Newcastle University and Seven Stories welcome the collection of a renowned children's literature scholar
Brian Wouldhave Alderson, a Freeman of the City of Newcastle and a renowned children’s literature scholar, is donating his extraordinary collection of children's books to Newcastle University and Seven Stories: The National Centre for Children’s Books. Believed to be the largest privately-owned children’s literature collection in the UK, it is made up of more than 20,000 books, dating from the 17th century to the present day. Works come from the United States, France, Germany and Britain, and the collection includes original illustrations and papers related to Brian’s diverse career.
Brian is a respected author, editor, critic, and scholar who has curated many exhibitions. Brian's interest in children's books began in 1954. He was aided and abetted by his wife Valerie whose own collection of Victorian women writers and of the works of Louisa May Alcott is incorporated in the Alderson Collection and given a separate bookplate. He went on to teach Children's Literature in London for many years and is the former children’s books editor of The Times (1967 – 1996) and winner of the Eleanor Farjeon Award (1969) for his outstanding contribution to children’s literature. He founded the Children’s Books History Society in 1969 and is the current President of the Beatrix Potter Society. As well as writing, editing and translating a number of children’s books, Brian has written several critical works on the history of children’s books in Britain and beyond.
The donation is a mark of Brian’s long-standing and ongoing support for both Newcastle University and Seven Stories. He was awarded an honorary degree by the University in 2016. He said: ‘With the University’s scholarly interests in children’s literature and historic children’s book collections, and with Seven Stories being the national home of contemporary children’s books, I am delighted to be able to augment the City's prominence in fostering interest in what is an unduly neglected subject.”
Jill Taylor-Roe, Acting University Librarian at Newcastle University, said: “The Alderson Collection enhances and extends the University Library’s unique and distinctive holdings in Children’s Literature, and together with Seven Stories’ holdings, will create an incredibly rich resource for anyone interested in the history and further development of children’s literature.”
Sarah Lawrance, Collections and Exhibitions Director at Seven Stories: The National Centre for Children’s Books, said: “We are immensely grateful to Brian Alderson for the generous gift of his collection, which includes many rare and unique books – now to be made publicly accessible for the first time – and complements the holdings of Seven Stories and the Philip Robinson Library perfectly.”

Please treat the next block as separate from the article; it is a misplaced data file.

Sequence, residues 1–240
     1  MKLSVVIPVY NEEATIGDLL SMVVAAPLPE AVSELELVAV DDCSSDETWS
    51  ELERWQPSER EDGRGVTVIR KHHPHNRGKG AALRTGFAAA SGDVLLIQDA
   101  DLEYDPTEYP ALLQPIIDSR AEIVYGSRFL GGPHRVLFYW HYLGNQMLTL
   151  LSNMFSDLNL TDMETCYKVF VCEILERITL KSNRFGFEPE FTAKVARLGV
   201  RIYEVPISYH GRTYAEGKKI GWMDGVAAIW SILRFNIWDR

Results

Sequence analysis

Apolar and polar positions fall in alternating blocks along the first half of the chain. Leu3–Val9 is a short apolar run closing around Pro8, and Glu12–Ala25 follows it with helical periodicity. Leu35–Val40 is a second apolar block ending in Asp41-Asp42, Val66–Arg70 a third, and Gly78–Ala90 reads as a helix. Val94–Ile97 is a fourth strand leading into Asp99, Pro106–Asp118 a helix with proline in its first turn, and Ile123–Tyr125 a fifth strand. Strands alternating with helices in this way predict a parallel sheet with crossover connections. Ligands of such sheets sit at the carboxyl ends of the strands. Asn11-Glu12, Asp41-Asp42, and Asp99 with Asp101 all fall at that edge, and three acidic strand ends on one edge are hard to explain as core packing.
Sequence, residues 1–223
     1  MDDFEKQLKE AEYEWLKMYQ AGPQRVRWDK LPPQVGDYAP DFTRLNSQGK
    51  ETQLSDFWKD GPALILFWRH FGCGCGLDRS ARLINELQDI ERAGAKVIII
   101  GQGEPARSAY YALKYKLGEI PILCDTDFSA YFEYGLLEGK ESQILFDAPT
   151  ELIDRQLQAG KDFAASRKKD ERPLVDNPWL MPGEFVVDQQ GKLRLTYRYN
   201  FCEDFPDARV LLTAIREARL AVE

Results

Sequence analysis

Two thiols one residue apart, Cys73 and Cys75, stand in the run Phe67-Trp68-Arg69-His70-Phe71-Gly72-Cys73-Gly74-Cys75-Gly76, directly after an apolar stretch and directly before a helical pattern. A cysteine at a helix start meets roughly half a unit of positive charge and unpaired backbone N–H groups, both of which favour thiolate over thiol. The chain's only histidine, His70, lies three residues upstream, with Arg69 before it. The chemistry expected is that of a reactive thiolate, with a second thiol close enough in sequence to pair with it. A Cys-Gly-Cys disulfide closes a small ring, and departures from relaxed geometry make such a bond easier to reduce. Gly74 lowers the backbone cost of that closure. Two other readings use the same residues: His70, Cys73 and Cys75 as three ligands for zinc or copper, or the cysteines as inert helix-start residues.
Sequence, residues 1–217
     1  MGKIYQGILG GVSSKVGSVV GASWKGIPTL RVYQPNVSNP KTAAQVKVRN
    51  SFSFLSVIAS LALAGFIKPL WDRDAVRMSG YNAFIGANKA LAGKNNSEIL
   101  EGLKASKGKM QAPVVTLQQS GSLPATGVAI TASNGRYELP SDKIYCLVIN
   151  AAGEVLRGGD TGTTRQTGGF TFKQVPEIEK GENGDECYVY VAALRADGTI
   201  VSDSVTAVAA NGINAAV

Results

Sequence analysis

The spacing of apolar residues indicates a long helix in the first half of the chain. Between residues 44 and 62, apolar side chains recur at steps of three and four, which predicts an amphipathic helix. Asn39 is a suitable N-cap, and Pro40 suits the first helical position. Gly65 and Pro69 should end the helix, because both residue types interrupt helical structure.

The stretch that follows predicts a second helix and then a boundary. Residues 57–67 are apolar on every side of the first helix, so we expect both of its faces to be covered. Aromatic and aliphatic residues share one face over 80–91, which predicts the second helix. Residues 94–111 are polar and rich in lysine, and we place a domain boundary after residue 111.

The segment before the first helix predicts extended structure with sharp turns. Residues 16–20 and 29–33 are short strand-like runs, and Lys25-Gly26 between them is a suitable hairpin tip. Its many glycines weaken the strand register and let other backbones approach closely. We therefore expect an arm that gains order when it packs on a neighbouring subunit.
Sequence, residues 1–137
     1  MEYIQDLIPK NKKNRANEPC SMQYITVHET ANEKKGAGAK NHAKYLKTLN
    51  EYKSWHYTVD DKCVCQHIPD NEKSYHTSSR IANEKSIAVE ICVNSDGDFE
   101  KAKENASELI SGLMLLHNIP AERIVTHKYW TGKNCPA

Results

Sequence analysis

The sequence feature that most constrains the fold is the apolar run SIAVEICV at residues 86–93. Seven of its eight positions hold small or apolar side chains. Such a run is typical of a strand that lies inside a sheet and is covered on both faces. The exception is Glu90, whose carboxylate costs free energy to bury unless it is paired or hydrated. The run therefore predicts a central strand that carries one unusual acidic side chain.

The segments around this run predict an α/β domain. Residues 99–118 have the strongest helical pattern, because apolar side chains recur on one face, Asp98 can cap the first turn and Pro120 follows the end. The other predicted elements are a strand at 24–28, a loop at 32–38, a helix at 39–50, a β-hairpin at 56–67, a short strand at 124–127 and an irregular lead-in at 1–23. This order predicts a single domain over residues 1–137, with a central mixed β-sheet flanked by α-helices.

The books will enhance the research of the Children’s Literature Unit, a research group within Newcastle University’s School of English Literature, Language and Linguistics. Kim Reynolds, Professor of Children’s Literature at Newcastle University, said: ‘We are all excited by this splendid donation. Thanks to Brian’s unique expertise, this collection is full of rare and unusual items, and it will be an invaluable contribution to the work of establishing Newcastle as a world-class centre for the study of children’s books.”
The transfer of the Alderson Collection to Newcastle has already begun and, in the future, it is expected that the whole collection will be available for research and teaching, and by members of the public. The material that has already been catalogued is available to view on Newcastle University’s Library Search. Notable holdings include early nursery rhyme books, including a rare Mother Goose's Melody, with illustrations by the Newcastle wood engraver Thomas Bewick, and a little Gammer Gurton's Garland, published in Stockton circa 1790. Brian notes an interest in garnering a number of comparative collections within the collection: the works of the Brothers Grimm and Hans Christian Andersen, for example (both of whom he has translated), or illustrated editions of The Water-Babies, whose text he has edited. His work on the history of publishing has led to specialist holdings of the Victorian publisher, James Burns, and books published by the London office of the Oxford University Press between 1906 and 1939, such as the very rare Baby Bunting's Box of Books and a halfpenny edition of Little Miss Muffet.
The donation of the Collection jointly to the two organisations is a key outcome of Seven Stories’ and Newcastle University’s Vital North Partnership, funded by Arts Council England. The two organisations are marking Brian’s generous donation with a free exhibition of some of the highlights from the Collection at Newcastle University’s Philip Robinson Library, opening in June 2017 and running throughout the summer.
published on: 20 July 2017